In other words, it is not those of us who openly criticise, or mock Islam that create a taboo around that particular faith. On the contrary, we treat it like any other ideological framework of power. We do not seek to deny Muslims equal rights, we believe those who commit anti-Muslim hate, those who attack Mosques, are grotesque human beings lacking any sense of decency, and we will always defend equal rights & dignity for all, including Muslims. People deserve that, not ideas. Ideas must be open to critique and satire. It is those who seek to protect Islam from mockery (whilst themselves defending the freedom for the religious to continue to believe and express a belief in offensive ideas to the rest of us), that not only create a taboo out of the faith – hence, counter-productive – but also give credit to the extreme idea that one must be a little less forthcoming with our expression on one particular idea, if it might ‘offend’ believers in that one particular idea.
I would also suggest that it is a betrayal of those Muslim voices fighting for secular, liberal values, & free expression against a poisonous narrative within their faith, for liberals who should be on their side of the fight, instead choosing to give credit to the narrative on the extremes.
Secondly, it is a reflection of the authoritarian nature of a religion, when its followers suggest we should either unquestioningly respect the faith, or else keep quiet. Which, in turn, means it is vital that it be open to criticism and satire. If satirising that religion is even a matter of debate, it already has far too much power.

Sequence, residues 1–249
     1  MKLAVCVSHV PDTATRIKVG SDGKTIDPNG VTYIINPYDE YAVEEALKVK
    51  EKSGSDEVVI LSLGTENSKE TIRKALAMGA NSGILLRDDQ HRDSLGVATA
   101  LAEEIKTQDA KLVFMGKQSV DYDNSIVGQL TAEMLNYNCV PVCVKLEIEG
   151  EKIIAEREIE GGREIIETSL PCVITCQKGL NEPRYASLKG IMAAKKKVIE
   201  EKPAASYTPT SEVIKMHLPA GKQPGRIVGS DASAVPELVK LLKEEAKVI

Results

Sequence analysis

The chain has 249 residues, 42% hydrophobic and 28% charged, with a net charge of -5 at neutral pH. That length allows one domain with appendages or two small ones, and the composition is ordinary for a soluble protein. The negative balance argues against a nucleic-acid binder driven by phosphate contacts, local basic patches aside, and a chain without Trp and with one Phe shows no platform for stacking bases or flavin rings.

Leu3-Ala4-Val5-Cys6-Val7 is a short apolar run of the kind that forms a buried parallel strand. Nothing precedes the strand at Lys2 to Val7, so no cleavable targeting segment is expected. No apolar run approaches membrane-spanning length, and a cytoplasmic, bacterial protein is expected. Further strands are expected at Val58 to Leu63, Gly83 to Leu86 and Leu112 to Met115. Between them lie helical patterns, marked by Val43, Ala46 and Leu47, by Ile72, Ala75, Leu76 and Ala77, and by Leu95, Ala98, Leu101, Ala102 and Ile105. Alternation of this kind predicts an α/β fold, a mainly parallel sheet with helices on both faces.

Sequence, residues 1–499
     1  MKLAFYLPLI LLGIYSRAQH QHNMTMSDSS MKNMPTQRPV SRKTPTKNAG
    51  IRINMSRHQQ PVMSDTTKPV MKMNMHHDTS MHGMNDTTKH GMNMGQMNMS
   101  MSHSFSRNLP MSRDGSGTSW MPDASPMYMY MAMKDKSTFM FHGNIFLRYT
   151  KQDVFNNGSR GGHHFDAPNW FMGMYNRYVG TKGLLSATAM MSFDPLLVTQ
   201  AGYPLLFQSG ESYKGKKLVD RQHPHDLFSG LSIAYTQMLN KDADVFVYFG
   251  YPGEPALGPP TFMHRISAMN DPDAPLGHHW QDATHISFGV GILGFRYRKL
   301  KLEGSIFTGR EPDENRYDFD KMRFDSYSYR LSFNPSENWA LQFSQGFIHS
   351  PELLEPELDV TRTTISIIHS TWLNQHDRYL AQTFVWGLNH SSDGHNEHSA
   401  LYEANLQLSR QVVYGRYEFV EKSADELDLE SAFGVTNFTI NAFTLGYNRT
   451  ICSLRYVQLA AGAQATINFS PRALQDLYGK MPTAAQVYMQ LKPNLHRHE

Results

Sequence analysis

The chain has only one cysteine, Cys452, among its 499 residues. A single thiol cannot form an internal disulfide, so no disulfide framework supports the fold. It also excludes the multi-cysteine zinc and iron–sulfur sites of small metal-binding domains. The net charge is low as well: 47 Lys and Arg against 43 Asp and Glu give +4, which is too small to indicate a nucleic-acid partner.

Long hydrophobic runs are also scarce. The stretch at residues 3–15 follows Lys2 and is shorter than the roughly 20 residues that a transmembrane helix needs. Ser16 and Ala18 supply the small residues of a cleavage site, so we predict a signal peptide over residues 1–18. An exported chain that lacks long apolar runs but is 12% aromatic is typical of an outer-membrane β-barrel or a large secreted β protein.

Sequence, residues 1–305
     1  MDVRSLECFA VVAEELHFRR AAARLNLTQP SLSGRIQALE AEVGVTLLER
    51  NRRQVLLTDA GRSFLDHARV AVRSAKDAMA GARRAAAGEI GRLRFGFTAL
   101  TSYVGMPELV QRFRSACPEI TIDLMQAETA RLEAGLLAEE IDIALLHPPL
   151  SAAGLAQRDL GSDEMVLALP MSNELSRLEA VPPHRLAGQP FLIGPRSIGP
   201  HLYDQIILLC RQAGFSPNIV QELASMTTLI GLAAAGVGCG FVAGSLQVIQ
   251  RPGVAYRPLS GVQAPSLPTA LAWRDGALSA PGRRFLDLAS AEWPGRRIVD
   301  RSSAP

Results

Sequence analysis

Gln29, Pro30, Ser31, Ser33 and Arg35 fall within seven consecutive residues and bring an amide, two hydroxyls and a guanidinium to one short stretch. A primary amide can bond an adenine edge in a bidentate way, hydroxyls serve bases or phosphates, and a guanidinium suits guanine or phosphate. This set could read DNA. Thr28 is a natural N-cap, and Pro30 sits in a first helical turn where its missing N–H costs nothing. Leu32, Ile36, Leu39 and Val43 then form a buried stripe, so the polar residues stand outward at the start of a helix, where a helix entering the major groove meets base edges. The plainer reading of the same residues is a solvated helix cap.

Indeed, your freedom to believe that non-believers are destined an eternity of violent torture in the pits of hell – alongside our apostate and LGBT friends – is my freedom to openly mock that ridiculous (and frankly, offensive) belief. The freedom for Mehdi Hasan to refer to believers as keeping the moral high ground, whilst non-believers as those who “live their lives as animals“, is my freedom to express a distinct lack of respect for that particular moral anchor. Any less, implies that your belief that I am morally lacking, to be eternally tortured, is deserving of a level of unquestioning respect, that my objection (however I express that objection) simply isn’t. Further, if your religion – or political ideal – in any way, extends beyond the individual, to the lives of others (be it non-believers, apostates, the LGBT community) – not only in belief, and writing, but also in practice in many countries on this planet – then it is absolutely vital that that religion be open to the same criticism and satire as every other system of oppression. Indeed, the greatest indicator that a religion so desperately requires being opened up to free expression in all its forms, is if it can result in your murder for doing so.
Islam – like Christianity – is a system of power, regardless of how it is framed by those seeking to protect it. When it has any sort of political power, it is oppressive. This is why it is vital to stand up for the necessity of free expression. But on a purely individual basis; if your religion insists that I am to be burned for eternity in hell for non-belief, then I’m afraid you’re not going to get away with telling me that it is I who is the one being ‘offensive’ for mocking that belief. The freedom to express one, is the freedom to express the other.